Four Reasons Why Enterprises Struggle to Deploy DevSecOps

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Four Reasons Why Enterprises Struggle to Deploy DevSecOps
Four Reasons Why Enterprises Struggle to Deploy DevSecOps

Even though many companies are integrating their application development and IT operations teams, DevOps integration with security operations is still a challenge.

Companies use DevSecOps (development, security, and operations) for several purposes, including enabling digital transformation initiatives, delivering value quicker, gaining a competitive edge, and lowering the cost of security repair. Despite the haste with which they implement DevSecOps, businesses occasionally fail, and the causes for these failures are preventable.

According to a GitLab poll of about 4,300 respondents on DevSecOps in 2021, the COVID-19 pandemic prompted teams to explore cutting-edge DevOps technologies, including Kubernetes and Artificial Intelligence (AI).

Let’s look at some of the most prevalent DevSecOps challenges CISOs are likely to face and some strategies for dealing with them.

Scarcity of skills

According to research, developers lack the necessary formal security expertise to implement various DevSecOps methods. The DevSecOps implementation will suffer if developers don’t have such expertise. Formal in-house training can improve awareness and provide opportunities for more experienced employees to mentor others. However, corporate leaders should spend on self-paced online courses and expert external training firms instead of relying on their knowledge to bring everyone up to speed.

Also Read: Why Enterprises Should Incorporate Sec in DevSecOps

Ignoring cross-functional training

The friction between development and security teams is typically unspoken but generally understood. Cross-functional education must be undertaken as part of a bigger urge to break down silos and ease stress based on the desire for learning.

According to The Linux Foundation and Harvard’s Laboratory for Innovation Science’s 2020 FOSS Contributor Survey, the average Free and Open-Source Software (FOSS) developer spends just 2.3% of their time on code security. Developers are in a perfect position to reduce security vulnerabilities before production when businesses aim to “shift security left,” and they must grasp the organizational benefit of safe code and be encouraged to pursue it.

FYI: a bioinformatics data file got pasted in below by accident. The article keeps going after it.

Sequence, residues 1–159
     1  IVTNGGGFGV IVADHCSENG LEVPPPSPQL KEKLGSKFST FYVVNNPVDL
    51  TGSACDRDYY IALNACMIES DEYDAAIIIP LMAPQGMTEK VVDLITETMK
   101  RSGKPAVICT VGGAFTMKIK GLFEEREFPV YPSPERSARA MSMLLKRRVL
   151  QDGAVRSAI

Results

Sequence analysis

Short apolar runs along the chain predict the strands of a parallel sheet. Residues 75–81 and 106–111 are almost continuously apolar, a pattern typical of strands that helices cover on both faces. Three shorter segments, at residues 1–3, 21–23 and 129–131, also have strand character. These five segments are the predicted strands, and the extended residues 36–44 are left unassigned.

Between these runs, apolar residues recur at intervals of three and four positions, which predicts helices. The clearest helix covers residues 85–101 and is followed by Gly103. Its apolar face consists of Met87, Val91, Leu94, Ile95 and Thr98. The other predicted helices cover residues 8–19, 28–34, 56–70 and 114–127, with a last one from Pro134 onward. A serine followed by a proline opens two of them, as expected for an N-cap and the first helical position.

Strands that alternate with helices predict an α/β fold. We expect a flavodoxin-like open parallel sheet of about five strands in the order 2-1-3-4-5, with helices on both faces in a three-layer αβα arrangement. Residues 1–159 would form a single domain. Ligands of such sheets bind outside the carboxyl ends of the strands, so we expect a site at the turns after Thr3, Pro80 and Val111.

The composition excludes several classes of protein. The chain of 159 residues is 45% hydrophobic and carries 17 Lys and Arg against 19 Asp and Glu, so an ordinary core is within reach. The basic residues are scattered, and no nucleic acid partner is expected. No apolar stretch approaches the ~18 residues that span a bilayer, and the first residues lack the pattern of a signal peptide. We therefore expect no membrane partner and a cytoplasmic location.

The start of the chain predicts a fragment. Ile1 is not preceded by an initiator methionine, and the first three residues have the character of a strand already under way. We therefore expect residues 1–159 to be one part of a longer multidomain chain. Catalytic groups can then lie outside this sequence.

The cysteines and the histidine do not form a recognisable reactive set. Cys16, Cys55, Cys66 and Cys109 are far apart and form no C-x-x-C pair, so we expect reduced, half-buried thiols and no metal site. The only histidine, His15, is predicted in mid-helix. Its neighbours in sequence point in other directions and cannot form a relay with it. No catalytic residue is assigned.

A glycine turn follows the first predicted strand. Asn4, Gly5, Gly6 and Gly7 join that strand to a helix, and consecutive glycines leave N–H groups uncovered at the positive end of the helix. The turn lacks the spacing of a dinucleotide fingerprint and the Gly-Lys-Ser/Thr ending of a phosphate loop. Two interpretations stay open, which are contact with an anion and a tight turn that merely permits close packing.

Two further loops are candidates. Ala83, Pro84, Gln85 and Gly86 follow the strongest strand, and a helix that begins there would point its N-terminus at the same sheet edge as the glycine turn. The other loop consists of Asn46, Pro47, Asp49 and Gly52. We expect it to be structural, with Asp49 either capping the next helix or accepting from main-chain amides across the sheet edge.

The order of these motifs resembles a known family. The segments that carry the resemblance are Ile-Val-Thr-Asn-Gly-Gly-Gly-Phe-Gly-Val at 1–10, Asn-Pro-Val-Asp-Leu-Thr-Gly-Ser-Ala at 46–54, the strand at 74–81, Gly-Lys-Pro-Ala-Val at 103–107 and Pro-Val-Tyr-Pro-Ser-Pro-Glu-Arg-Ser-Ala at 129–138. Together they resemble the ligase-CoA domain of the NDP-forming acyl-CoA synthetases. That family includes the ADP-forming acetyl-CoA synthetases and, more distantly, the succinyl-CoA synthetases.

On the other hand, individuals increasingly find themselves in circumstances where everything is code. Code is everywhere, from application code to Infrastructure-as-Code (IaC)/compliance-as-code, Kubernetes manifests, and YAML templates for Continuous Integration/Continuous Delivery (CI/CD) pipelines. Security specialists do not need to be outstanding developers, but they should have a strong understanding of coding techniques and be able to scan templates for prevalent misconfigurations and vulnerabilities. This would also help the two parties collaborate and find common ground.

Also Read: Strengthening Application Security with DevSecOps

Overwhelmed by technology

While the usage of tools is explicitly promoted in DevSecOps, issues occur when security and other teams have different toolsets. Developers will struggle to choose from or even utilize the increasingly sophisticated technologies due to a lack of standards, documentation, and training. Not to mention how difficult and time-consuming it may be to integrate the technologies they do pick into the DevOps pipeline.

Business leaders can encourage their employees to create tool standards and usage rules to make tool selection and use more manageable and better usage records. This would aid in resolving configuration management issues and laying out the suggested security settings for tools so that they are all on the same wavelength, ensuring faster integration.

Dearth of automation

Analytical tools support many DevSecOps security procedures and scans. These tools are unlikely to generate many actionable findings if they are not there or must be set up and performed manually for the first time shortly before an application goes live. Furthermore, the overall output from these tools is frequently overwhelming, and it may never reach the proper person who can take action.

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